Sunday, May 31, 2020

Let’s Change



Years ago, when I was first married, an older man showed up in our Phoenix synagogue one Shabbat morning with his son in tow. That son was a young man of about twenty, thin with rather long, unruly hair and wearing sunglasses. As a way of making him feel welcome he was called to the Torah to recite one of the blessings before the reader began his chanting. It was at this point the young man caught everyone’s attention. Overcome with emotion he began crying.

Thursday, May 28, 2020

Torture Device or Privelege


The first time I saw someone wearing tefillin was in a photograph. A black and white image it had come from relatives in Israel and I was horrified. I was all of eight years old and, in my ignorance, thought the leather straps looked like some sort of torture device.
My father, who had worn tefillin as a teenager, wasn’t home to explain that those straps were not the least bit painful. My mother, who’d had as much exposure as I’d had, was frustrated by not being able to make me understand that tefillin was part of my Jewish heritage.

Friday, May 22, 2020

Liberating Shechem: Re-posted in Honor of Jerusalem Day



Everyone has a story and living in Israel I feel as if I am surrounded by human history books. The gentleman in front of me in the bank, the woman sitting next to me on the bus, the man leading the prayers in the synagogue, and the lady processing my forms at the health clinic can most likely tell me the most spectacular tales. A prime example is Rabbi Yitzhak Spatz, a mild-mannered teacher who has taught several of my children, and continues to be a valued member of our community giving Torah lectures, leading prayers, and helping to make sure the synagogue runs smoothly. Rav Spatz has many tales to tell and one of the most interesting is how he helped liberate Shechem during the Six Day War.

Wednesday, May 20, 2020

Tears at Kotel



Forty-eight years ago I saw the Kotel for the first time. As I stepped onto the plaza the tears started.

My plane had landed just a couple of hours earlier and the tour bus had taken us, a bunch of American college students, from Lod Airport (as Ben Gurion was originally called) to some spot in Jerusalem. We followed our guides through the maze of an Arab marketplace and down some steps and there it was. The Western Wall. For years it had been called The Wailing Wall and on that day the old-fashioned name was more apt for me.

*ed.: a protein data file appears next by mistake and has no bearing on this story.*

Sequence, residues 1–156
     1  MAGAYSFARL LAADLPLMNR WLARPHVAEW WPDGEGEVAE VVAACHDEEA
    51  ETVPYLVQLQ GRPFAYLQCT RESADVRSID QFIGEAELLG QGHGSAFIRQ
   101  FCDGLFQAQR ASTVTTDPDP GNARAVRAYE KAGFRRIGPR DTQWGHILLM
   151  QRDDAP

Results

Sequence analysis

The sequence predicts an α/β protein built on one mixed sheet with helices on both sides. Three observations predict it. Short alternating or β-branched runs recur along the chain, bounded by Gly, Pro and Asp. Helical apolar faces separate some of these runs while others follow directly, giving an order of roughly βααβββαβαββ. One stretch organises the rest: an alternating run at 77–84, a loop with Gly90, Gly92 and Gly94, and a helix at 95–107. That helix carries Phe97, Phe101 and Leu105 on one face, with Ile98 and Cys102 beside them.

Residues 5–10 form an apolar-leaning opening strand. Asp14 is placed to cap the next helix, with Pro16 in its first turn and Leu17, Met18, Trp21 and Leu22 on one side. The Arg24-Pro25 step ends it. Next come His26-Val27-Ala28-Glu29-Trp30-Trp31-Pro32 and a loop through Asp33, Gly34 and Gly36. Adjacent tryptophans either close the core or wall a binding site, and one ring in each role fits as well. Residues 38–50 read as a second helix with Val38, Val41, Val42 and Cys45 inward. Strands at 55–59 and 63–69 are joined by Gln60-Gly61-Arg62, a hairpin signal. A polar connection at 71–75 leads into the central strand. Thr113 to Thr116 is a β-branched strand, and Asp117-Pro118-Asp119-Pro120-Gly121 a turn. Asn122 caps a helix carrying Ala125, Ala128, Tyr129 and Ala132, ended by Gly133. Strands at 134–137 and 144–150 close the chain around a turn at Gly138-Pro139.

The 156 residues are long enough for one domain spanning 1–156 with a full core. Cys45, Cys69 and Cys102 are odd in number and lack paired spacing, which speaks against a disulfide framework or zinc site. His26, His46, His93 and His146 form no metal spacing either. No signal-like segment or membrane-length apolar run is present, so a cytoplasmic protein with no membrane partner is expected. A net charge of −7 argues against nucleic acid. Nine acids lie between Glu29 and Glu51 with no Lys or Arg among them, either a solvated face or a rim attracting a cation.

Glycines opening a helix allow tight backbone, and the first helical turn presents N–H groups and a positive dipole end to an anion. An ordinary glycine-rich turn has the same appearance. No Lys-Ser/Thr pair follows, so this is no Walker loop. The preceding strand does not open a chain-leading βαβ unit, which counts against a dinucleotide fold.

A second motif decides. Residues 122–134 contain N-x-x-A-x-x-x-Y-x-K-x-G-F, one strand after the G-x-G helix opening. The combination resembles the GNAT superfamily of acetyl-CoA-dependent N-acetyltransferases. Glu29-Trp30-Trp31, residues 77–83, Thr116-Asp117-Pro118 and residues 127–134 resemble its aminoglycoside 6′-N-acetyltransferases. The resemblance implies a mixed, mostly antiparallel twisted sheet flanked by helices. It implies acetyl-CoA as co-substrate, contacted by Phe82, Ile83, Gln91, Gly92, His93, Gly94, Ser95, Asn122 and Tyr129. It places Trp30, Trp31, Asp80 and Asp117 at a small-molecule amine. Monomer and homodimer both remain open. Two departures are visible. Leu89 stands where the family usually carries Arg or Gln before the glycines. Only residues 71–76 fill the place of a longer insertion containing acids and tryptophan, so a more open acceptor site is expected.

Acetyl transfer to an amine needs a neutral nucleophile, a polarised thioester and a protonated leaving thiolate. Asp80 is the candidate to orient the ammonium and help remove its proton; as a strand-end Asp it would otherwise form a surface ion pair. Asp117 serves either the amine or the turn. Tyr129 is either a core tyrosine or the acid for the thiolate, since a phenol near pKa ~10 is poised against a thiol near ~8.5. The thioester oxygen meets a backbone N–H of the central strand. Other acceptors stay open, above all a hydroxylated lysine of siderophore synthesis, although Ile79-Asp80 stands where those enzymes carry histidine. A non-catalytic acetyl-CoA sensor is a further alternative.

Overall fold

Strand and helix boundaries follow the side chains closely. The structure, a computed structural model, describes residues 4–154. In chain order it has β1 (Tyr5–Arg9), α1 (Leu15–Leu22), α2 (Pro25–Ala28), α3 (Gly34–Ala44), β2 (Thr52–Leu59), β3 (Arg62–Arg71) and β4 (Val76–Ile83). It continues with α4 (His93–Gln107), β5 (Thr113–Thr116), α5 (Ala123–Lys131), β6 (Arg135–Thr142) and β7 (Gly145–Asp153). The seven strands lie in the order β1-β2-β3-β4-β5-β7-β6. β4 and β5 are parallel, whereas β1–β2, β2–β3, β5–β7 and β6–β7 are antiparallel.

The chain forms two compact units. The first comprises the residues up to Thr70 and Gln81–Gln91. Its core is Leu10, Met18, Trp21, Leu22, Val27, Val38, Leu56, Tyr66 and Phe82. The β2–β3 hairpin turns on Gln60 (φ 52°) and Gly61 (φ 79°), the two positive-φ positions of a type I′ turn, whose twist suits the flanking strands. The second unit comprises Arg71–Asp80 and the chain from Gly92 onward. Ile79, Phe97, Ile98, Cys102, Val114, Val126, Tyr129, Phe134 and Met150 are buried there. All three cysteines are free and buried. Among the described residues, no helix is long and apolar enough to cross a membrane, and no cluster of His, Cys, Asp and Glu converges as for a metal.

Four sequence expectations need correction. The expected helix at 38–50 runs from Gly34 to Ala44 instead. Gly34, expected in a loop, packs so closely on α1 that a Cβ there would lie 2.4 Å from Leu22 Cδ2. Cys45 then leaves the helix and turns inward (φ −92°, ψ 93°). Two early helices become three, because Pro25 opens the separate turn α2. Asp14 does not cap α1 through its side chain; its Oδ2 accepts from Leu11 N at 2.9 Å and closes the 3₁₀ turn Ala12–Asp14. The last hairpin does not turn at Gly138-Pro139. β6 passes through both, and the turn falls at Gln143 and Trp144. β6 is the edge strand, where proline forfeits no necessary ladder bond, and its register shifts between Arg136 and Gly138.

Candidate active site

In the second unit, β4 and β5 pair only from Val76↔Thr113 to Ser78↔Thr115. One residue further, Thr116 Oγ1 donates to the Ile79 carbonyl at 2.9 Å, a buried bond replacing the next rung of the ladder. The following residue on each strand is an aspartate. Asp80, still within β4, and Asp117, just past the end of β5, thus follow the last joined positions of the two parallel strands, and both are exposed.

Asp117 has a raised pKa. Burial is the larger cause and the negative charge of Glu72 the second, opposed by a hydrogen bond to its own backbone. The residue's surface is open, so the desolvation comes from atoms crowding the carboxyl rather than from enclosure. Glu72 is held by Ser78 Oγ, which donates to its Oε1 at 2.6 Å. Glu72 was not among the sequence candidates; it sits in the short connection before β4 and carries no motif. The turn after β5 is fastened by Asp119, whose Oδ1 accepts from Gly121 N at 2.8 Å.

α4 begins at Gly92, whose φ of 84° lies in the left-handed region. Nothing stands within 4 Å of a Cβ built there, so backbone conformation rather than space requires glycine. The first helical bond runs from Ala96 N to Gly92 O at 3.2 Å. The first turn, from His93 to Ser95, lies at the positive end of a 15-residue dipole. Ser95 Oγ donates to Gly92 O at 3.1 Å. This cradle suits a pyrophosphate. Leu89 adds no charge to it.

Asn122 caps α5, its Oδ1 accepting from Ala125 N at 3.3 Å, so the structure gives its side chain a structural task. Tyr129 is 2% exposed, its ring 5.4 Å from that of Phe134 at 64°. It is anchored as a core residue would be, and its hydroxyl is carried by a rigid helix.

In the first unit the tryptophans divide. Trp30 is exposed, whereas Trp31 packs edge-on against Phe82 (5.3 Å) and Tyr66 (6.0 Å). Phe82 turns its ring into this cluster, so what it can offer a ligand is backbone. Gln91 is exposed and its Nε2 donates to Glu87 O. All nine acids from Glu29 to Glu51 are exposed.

Tuesday, April 28, 2020

My Father’s Israel Independence Day



My father never had a burning desire to live in Israel. When, in !933, his mother knew they needed to leave Germany, America was always their focus. Yes, she had two sisters who had settled in Palestine but they were struggling. Her brother-in-law, on the other hand, had come to The Golden Medina before World War One. He made his fortune, had connections with a Congressman, and managed to get my father into the United States in 1937 with one brother coming six months later and the rest of the family coming after The Kristallnacht.

America didn’t have a more loyal citizen than my father and he often said to me, “America took me in when I had no place to go.” He believed that a good Jew supported Israel financially but wasn’t even interested in visiting the Holy Land. It was only in 1975, because my mother wanted it so badly, that he agreed to a trip to celebrate their silver wedding anniversary. It was a good vacation but he probably had no intentions of making a return trip.

Remembrance Day in Israel 2020



When the siren sounds at eight in the evening I stand outside alone. I light the two memorial candles and think of last year, before Corona, when I sat in Shilo’s sports stadium. With me on the crowded bleachers were my husband, son, and grandson. Three generations witnessing that the Nation of Israel lives on. Next to us were the father and younger brother of murdered Baby Yehuda, proof that terror and war will not break us.

Friday, April 24, 2020

Not Praying For Normal



On March 12th both my husband and I needed to be in Jerusalem for only an hour. For various reasons we decided to just jump in and out, skipping going to the Kotel as we usually did. Five days later we were planning to return to town for an appointment at the Ministry of Interior in order to renew our passports. We could have nice, leisurely prayers at the Western Wall then. Or so we thought.